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Thanks for the update on when the downselection will be announced. I will try to post some summaries of the main final report for JEO on my blog (with a focus on Io science) while Van Kane will summarize the Titan Orbiter report on his blog, http://futureplanets.blogspot.com


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volcanopele
post Feb 12 2009, 11:56 PM
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The ESA Assessment reports for the Jupiter Ganymede Orbiter and the Titan In-Situ Elements are now online:

Jupiter Ganymede Orbiter: http://sci.esa.int/science-e/www/object/in...objectid=44188#
Titan In-Situ Elements: http://sci.esa.int/science-e/www/object/in...objectid=44185#

I have also posted a second part of my look at the potential for Io science with the Europa/Jupiter System Mission on my blog: http://gishbar.blogspot.com/2009/02/io-sci...-part-deux.html . Don't forget to check out some of my previous posts on the Flagship Mission selection process at http://gishbar.blogspot.com/search/label/Flagship%20Mission .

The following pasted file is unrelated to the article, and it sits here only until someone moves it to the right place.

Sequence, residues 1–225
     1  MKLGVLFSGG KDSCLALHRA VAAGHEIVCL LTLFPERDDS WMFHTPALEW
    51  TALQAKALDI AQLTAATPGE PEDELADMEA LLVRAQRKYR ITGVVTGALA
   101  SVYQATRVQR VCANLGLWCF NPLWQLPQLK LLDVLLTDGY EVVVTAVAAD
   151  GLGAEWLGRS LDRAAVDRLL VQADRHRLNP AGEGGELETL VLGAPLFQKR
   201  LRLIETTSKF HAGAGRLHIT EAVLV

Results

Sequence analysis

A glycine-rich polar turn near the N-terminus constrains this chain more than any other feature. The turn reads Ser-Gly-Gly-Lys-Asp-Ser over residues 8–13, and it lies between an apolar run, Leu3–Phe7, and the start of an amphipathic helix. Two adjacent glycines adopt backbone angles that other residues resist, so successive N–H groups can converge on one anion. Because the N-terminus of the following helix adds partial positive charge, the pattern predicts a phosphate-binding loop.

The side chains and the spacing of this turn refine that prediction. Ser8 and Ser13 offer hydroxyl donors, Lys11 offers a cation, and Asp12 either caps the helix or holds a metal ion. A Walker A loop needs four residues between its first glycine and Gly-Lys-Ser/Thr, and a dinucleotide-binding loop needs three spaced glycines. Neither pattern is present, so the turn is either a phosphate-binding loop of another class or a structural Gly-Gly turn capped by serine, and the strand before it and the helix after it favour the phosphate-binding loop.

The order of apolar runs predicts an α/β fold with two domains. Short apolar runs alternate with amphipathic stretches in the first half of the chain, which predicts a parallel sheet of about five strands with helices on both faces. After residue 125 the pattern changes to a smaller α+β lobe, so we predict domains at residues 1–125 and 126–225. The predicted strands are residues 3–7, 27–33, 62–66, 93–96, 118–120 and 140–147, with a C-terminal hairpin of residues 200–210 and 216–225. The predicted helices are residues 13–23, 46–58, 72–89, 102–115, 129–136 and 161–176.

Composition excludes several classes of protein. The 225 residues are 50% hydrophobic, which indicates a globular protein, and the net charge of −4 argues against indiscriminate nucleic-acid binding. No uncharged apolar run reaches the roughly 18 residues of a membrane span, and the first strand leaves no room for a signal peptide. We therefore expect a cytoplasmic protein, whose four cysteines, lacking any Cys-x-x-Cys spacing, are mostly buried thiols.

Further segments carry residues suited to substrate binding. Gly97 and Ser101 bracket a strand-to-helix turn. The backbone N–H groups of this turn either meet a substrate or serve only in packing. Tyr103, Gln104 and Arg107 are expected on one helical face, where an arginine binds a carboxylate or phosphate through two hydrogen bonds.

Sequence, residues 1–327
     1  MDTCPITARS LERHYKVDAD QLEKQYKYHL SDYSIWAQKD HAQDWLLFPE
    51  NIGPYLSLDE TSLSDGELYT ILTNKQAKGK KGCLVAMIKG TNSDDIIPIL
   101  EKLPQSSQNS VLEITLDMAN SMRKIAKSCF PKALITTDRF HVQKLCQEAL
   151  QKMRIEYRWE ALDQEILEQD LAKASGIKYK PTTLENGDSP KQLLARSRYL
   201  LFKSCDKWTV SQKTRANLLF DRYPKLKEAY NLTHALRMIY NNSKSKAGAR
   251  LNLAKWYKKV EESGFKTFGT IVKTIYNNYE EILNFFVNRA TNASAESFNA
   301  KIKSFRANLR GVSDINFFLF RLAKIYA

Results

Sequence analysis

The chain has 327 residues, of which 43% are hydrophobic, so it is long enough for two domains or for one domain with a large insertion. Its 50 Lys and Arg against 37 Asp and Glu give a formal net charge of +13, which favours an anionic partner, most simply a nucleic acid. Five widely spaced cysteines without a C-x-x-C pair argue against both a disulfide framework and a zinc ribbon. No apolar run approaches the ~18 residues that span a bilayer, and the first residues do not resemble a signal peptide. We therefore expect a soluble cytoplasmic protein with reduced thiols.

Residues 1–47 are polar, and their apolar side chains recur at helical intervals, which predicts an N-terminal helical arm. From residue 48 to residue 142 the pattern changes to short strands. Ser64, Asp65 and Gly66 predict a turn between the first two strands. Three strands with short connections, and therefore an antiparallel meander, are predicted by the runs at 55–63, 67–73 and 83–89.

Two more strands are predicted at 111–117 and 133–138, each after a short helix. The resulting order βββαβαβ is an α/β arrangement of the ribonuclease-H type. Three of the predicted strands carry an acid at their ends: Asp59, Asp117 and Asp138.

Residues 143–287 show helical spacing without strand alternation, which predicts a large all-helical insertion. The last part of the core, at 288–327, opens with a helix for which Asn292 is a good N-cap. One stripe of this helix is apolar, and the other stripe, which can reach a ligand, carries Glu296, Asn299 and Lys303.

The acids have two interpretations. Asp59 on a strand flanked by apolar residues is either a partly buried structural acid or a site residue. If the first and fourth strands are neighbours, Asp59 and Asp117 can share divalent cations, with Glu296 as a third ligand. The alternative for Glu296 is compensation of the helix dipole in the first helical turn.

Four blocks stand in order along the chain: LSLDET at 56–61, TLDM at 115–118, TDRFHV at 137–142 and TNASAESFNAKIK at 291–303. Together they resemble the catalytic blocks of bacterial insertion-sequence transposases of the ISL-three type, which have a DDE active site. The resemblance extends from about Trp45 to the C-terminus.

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ngunn
post Feb 18 2009, 02:32 PM
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Time is running out to vote for your favourite at 'futureplanets':

"Europa Jupiter System Mission
Titan Saturn System Mission

Show results

Votes so far: 263
Hours left to vote: 6"

What does Van Kane know?? ph34r.gif
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remcook
post Feb 19 2009, 08:30 AM
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Jupiter it is then...
http://www.spaceflightnow.com/news/n0902/1...ets/index2.html